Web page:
Federal workers can identify their political inclinations when using social media under revised guidance issued by the U.S. Office of Special Counsel.
The revised guidance, issued last week, addresses the Hatch Act restrictions and the use of social media and email, especially during the 2016 presidential election.
Under the Hatch Act, federal employees cannot engage in any political activity while on duty or in the workplace, engage in political in an official capacity, or solicit political contributions. In light of expanded use of social media in a worker's private and official time, the revised guidance clarifies federal workers' use of social media and email as it related to political activity.
The Special Counsel provides guidance in three areas relating to an employee's “Facebook” and “Twitter” account: the use of campaign logos, candidate photographs, and posts from a partisan group or candidate.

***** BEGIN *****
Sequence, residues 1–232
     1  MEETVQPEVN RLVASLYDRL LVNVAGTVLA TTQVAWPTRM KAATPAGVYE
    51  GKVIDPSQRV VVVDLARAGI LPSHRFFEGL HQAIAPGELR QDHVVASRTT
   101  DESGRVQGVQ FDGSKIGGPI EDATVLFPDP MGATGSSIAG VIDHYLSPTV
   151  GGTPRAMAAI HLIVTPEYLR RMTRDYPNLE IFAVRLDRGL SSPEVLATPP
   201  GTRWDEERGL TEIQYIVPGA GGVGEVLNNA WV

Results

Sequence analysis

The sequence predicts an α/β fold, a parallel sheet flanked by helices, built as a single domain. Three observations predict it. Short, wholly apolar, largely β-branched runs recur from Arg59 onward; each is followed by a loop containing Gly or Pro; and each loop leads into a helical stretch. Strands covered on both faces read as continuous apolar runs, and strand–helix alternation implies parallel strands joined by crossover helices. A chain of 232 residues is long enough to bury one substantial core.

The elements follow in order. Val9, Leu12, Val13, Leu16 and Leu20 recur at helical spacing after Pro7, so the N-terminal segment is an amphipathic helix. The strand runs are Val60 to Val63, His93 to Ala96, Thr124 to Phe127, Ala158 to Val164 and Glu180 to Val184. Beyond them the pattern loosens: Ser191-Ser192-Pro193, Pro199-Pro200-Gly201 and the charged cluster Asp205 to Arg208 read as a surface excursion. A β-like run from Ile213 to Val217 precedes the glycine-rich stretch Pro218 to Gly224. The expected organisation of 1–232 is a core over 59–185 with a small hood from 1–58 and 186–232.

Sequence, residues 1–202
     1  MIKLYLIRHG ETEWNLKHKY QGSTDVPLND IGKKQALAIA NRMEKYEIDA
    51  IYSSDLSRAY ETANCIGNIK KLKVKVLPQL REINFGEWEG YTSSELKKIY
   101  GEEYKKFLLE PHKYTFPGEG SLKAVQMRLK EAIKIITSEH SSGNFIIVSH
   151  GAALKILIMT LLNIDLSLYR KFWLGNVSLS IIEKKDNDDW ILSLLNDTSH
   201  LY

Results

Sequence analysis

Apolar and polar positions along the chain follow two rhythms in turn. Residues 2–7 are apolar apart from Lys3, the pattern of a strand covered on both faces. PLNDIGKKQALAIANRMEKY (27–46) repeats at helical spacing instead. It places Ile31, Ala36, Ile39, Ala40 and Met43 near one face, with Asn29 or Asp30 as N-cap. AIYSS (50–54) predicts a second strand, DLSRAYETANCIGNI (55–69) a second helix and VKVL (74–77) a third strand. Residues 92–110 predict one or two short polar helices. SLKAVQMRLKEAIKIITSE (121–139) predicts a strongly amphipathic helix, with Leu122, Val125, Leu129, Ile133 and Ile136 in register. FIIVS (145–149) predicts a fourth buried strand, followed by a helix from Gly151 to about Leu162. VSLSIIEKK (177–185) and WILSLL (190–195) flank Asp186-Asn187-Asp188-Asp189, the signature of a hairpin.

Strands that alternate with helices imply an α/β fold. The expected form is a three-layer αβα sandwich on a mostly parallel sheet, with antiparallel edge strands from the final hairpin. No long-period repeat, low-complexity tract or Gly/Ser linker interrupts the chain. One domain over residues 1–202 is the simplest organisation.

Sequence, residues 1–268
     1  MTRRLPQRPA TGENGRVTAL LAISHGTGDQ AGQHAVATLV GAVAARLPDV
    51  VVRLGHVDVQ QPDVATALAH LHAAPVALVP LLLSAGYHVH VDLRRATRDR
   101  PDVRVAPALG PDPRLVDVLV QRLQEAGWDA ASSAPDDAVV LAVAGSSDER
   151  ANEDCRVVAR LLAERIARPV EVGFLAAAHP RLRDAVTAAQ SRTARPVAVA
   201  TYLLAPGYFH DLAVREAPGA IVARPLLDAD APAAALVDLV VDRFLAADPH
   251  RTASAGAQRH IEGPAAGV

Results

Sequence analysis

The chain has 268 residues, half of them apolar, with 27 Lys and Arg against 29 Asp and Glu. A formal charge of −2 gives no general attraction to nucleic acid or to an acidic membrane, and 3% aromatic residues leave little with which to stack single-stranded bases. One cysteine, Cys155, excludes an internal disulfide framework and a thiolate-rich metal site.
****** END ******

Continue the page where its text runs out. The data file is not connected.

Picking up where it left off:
Federal employees will be allowed to “display campaign logos or candidate photographs as their cover or header photo situated at the top of their social media profiles.”
They can also “display campaign logos or candidate photographs as their profile pictures on their personal accounts.” However, they are not allowed when on duty or at the workplace “to post, “share,” “tweet.” or “retweet,” any items. Such action would show support for a particular group or candidate, according to the guidance.
“Further restricted employees” (mostly federal employees working in law enforcement or intelligence agencies) may “like” a post from a partisan group or candidate and can comment on a group's or candidate's page while not at work. However, these employees may not “like” at any time a post that solicits contributions
Even with this revised guidance, some situations are not clear cut for federal employees. For further information, employees can view the Frequently Asked Questions guidance referred to in the Special Counsel memorandum.